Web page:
Tuesday, June 09, 2009

Who is the Bible for?

Most Bible-believing Christians would say that the Bible is the Word of God and is applicable to their lives on a daily basis. But I want to go deeper than that and ask who it was actually written for and why.

For many years I held the idea—with many others—that God's word, though written so long ago, is just as relevant and pertinent to us today as it was to those to whom it was initially given. But I've gradually come to see how this view fails to make a distinction between any of the sayings of Jesus or commandments of the prophets—for example—and can lead one very far afield and present a very inconsistent hermeneutic that creates problems for the honest seeker.

To illustrate the problem: we all know the Sunday School joke of the guy who, seeking for divine guidance, cut open his Bible twice; the first verse told of Judas hanging himself and the second was Jesus own words "Go and do thou likewise." But this is only a joke because it is so obviously not divine guidance. Our laughter is mingled with a little nervousness for we don't know really where to draw the line.

Yesterday I ran across a line on a Christian web site I was visiting that I liked a lot for it seemed to encapsulate a partial solution to this problem and is certainly the conclusion that I have been coming to of late:

The Bible was written for us but it was not written to us.

These things are written that you might know ... and believe, says John. All these things happened to them (the Old Covenant people of God) and are written as examples to us ... upon whom the ends of the age are come, says Paul to the Corinthians. We take much edification from the countless stories in the Old Testament but how far can we take the admonitions and apply them to our life today? There is a fine line.

When Jesus gave specific instructions of things he expected his disciples to do we seem to know instinctively which ones we should really carry out. (We don't usually take to heart his command to go out and buy a sword, if we don't have one, though we do take to heart the idea of going into all the world and preaching the gospel to every creature.) But what about sayings that are not commands but just instruction, edification, or general teaching? Let me give another example that illustrates what I mean.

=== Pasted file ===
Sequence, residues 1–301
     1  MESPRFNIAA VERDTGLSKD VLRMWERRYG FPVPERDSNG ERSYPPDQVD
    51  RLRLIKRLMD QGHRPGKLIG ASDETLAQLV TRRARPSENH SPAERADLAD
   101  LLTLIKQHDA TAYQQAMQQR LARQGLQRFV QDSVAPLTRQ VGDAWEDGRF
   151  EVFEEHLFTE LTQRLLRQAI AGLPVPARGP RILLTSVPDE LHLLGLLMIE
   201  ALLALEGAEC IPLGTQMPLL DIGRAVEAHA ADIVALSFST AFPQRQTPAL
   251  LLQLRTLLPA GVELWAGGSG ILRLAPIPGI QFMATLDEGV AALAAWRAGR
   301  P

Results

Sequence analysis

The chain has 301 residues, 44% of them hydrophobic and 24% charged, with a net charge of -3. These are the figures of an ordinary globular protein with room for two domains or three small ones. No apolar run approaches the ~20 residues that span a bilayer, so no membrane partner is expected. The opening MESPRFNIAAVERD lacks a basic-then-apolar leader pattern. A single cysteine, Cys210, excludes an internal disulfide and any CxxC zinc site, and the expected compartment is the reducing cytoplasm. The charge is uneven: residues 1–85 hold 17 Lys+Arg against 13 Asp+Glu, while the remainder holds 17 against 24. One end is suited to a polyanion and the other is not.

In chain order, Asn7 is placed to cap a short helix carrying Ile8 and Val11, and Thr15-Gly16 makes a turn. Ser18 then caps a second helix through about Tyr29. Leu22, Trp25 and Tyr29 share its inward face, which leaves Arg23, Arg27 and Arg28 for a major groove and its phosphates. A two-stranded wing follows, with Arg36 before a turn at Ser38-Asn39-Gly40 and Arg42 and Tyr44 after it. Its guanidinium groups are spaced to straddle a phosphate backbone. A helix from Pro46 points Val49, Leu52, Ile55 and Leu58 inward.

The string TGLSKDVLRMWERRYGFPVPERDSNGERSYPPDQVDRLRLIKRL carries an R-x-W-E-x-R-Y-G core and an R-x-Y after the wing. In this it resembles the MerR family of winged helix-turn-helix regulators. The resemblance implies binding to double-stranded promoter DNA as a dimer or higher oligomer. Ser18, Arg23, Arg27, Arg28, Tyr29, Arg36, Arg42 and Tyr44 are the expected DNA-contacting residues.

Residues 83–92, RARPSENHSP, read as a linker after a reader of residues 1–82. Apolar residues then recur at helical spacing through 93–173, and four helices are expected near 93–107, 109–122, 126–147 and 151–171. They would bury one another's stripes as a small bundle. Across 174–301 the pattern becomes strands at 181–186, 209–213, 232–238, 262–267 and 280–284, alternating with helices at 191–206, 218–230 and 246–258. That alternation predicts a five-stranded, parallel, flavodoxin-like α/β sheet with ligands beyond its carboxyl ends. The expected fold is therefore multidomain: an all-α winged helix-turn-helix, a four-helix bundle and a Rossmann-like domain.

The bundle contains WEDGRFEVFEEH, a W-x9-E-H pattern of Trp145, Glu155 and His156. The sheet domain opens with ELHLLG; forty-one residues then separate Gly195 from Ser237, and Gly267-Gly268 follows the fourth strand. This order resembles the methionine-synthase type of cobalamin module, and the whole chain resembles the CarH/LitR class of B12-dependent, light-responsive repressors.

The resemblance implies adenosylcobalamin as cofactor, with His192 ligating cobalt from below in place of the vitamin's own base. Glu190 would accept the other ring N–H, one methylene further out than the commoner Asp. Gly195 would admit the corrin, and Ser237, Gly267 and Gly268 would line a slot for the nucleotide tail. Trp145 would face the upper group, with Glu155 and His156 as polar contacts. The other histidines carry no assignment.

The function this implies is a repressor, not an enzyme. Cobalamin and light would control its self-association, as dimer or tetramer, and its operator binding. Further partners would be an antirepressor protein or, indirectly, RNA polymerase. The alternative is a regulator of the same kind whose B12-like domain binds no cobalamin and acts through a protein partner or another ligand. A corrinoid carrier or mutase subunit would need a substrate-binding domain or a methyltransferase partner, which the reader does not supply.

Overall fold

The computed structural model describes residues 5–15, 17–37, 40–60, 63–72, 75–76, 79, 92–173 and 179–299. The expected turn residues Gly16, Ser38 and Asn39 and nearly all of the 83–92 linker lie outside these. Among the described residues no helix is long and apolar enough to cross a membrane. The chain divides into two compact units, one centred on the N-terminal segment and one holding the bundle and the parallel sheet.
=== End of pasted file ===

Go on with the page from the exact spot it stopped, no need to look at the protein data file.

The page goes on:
When Jesus said to the twelve that some of them would not die until they'd seen him come in glory with his holy angels, or told the multitudes that their generation wouldn't pass away until everything was fulfilled, or when he told the high priest that he would personally see his second coming in the glory of his father, what do we do with these sayings?

Eschatology has always been a thorny issue and the past two thousand years are full of the Christian follies that have come about by people taking these words as if they were written to them when in fact they were spoken to someone else entirely.

You may say, yes, but Jesus said he's coming and I believe it. Well, so do I. But don't forget he also said he was coming quickly. Whoops!

Doesn't time mean anything to God? And if he knew he wasn't really going to come for, say, two or three thousand years—or more!—what was the point of using words like "at hand", "quickly", "soon", "at the very doors", and "the last hour"?

Maybe there is something we are completely missing in this whole equation because another favorite Christian expression is "the end times". It's just so much a fabric of our culture that I wouldn't be surprised to learn that even unbelievers believe we're living in the end times!

But what I want to know is: the end times of what?

Can't be the Christian age since we're told the Christian age has no end. Can't be the kingdom that Christ established two thousand years ago since we know his kingdom will last forever. Can't be the physical world since we're told the earth will never be moved.

So nowadays when someone tells me we're living in the last days I ask him, the "last days" of what? Strikes me to be a question of some importance with a certain logic behind it.

Jesus spoke constantly of two ages: "this age" (meaning, obviously, the age in which he was living—the mosaic covenant, the law, etc) and "the age to come" (meaning, again, obviously, the next age that would come about once his present age was finished. Well which age are we living in now?

Are we living under the old covenant of moses' law? Or are we living in the new covenant of grace prophesied by Jeremiah and Isaiah and others? And if we are now living in the new covenant of grace (which, of course, we are) then at what point did the old covenant pass away?

Could we have called the days of the passing away of the old covenant the "last days"?

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